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Editorial

Making an attempt to see what needs to be changed for women

Editorial
Graphic by Naseem ur Rehman

This is not a token Special Report routinely done around women’s day. Sitting in today’s Pakistan, you cannot imagine anything else more important and worthy of discussion. The events of the last month or two have raised some serious questions about the status of women. The most pertinent ones that come to mind are: what is it that needs to change the mindsets and how will that come about.

The incidents are bizarre to say the least. The photograph of 16 year old Ambreen’s charred body in a burnt van in Doongagali was followed by two more incidents of burning of young women in the name of honour. Alongside came the instances of two parliamentarians who insulted their women addressees in a manner that left one bewildered if this was better or worse than being burnt alive. In between came the Council of Islamic Ideology (CII) with its own “light beating” solutions for wives and other similar nonsense.

That’s how botched up our attitudes are towards women, where harassment and violence feed into each other. For each progressive and women-friendly law that is passed, there is the CII issuing most retrogressive directives to the parliament. Somehow, the discussion is centred more on the CII’s controversial statements that are understood to have religious sanction, putting the state and the governments on the defensive.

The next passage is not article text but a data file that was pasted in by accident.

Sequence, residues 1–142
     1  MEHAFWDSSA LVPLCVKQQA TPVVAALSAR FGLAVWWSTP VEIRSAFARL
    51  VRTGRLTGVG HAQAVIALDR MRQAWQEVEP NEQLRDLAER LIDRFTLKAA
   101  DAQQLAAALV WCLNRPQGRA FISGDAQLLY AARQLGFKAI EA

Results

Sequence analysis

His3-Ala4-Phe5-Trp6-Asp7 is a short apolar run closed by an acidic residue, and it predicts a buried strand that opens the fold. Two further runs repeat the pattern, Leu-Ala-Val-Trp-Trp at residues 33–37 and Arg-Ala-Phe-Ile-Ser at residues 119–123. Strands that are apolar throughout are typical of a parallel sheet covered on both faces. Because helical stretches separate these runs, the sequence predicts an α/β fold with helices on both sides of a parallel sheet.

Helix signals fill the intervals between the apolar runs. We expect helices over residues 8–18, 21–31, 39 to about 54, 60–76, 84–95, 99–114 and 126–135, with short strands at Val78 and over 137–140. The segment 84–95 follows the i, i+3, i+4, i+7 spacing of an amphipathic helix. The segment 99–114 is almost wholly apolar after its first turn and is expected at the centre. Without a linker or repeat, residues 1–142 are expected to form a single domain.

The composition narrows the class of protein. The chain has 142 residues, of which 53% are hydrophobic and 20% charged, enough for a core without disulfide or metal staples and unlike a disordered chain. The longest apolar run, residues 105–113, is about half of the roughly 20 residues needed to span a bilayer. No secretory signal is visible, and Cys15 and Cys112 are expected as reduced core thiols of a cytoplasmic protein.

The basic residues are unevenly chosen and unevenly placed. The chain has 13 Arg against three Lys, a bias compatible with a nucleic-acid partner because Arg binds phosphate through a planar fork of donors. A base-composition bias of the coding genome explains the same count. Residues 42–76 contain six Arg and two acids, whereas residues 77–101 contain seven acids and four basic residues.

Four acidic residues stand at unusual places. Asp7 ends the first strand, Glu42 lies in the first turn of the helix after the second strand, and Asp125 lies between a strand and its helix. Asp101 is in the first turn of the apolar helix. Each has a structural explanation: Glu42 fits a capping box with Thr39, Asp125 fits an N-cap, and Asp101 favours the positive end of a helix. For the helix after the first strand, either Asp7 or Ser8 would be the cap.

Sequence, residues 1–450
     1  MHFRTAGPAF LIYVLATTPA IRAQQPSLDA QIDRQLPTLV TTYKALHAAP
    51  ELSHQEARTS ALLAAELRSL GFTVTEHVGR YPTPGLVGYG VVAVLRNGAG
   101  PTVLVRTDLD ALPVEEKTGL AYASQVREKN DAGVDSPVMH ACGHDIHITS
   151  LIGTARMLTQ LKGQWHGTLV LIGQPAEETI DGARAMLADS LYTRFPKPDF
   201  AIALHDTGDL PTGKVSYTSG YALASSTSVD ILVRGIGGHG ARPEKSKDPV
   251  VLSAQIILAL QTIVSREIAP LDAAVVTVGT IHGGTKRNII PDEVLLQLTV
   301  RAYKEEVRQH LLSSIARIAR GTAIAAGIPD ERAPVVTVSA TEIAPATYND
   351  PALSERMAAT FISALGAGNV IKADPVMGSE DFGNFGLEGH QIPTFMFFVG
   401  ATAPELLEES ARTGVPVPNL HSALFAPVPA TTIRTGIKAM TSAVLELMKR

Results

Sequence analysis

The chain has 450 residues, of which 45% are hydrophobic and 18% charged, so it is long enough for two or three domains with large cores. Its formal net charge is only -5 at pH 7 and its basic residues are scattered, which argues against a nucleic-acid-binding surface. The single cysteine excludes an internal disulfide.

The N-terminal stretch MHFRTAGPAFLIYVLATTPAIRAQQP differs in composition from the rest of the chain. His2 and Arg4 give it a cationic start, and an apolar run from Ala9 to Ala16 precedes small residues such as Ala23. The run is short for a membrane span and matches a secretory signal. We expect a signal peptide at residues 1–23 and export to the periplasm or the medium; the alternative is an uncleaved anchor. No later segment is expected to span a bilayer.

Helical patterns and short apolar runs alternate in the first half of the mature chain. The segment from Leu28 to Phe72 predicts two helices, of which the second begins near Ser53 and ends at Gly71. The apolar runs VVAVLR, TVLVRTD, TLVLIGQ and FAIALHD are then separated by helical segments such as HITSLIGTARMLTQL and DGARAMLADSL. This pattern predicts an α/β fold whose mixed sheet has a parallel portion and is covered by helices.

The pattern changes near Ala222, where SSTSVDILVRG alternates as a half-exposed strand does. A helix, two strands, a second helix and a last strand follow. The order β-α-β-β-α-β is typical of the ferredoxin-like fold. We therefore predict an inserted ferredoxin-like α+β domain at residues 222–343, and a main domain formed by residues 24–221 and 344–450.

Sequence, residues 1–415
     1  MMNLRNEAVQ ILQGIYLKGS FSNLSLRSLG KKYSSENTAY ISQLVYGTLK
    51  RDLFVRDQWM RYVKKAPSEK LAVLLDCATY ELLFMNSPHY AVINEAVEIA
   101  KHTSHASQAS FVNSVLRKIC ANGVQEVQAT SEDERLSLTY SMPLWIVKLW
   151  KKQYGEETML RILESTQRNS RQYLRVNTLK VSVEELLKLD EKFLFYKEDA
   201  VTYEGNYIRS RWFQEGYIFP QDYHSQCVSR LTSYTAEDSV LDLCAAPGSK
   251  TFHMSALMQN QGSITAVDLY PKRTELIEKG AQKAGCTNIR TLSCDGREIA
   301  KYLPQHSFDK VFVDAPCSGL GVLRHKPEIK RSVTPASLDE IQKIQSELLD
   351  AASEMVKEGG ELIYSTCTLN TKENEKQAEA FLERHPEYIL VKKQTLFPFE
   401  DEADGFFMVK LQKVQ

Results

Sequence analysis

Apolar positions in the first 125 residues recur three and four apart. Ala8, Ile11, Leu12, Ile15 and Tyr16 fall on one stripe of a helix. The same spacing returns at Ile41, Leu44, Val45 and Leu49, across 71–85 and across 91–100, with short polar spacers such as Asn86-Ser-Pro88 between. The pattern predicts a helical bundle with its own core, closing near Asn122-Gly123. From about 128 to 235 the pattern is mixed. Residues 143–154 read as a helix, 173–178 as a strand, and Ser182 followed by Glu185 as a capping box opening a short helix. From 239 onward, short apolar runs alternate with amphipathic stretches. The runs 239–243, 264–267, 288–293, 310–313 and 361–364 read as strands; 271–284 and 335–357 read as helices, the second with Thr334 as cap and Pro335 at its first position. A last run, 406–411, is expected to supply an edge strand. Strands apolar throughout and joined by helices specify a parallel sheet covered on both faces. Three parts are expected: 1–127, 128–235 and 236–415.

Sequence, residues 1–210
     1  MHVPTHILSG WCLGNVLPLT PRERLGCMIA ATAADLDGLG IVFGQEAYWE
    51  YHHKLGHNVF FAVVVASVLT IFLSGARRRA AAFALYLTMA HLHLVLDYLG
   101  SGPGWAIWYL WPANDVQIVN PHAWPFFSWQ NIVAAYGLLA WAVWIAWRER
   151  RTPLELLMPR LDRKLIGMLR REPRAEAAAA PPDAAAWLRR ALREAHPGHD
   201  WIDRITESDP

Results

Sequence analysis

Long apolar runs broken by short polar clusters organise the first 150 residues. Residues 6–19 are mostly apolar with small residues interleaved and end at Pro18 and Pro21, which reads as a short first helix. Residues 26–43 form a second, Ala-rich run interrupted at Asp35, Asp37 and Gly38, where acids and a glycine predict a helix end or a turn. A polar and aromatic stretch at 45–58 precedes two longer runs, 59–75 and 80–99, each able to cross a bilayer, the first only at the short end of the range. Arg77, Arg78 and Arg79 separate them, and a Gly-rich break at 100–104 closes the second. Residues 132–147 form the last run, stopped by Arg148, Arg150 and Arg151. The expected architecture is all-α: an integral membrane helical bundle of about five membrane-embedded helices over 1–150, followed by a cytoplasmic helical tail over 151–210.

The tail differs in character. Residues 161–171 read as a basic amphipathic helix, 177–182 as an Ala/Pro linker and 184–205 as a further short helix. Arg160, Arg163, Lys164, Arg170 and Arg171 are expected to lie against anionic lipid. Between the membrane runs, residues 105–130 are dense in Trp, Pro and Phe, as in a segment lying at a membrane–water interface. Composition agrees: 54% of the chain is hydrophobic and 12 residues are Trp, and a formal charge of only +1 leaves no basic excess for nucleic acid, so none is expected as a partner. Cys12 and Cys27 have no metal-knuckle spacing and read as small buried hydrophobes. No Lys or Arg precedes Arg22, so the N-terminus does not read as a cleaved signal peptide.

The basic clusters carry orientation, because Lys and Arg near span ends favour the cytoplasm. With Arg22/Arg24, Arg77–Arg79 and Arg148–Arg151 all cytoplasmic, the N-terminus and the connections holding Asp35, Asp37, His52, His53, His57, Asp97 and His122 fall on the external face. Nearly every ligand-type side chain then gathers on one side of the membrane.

Clearly, something must change, in the attitudes, in mindsets, that is. The laws are there but nobody seems to care. Do we need to change something in the law to address this impunity for killing in the name of honour? Will that law still be bypassed or misused, and the perpetrator let free by entering into a compromise?

Read also: What need to change

One particular institution that we have focused on is that of political parties. Ironical as it may seem, considering the level of insults hurled by the parliamentarians themselves (at least one of whom belongs to a party that is presumably going to be headed by a woman) we still think the change has to come at the level of political parties.

We have also tried to look at the contribution of women rights movement in the country and what more could it do. This movement was spearheaded by women who raised their voice against victimisation, discrimination and violence when the odds weren’t in their favour. They effected laws, they raised voices against discriminatory laws, they tried to change attitudes and yet these seem like two steps back.

Something needs to change. This Special Report is an attempt to just bring the people to realise this.

Editorial

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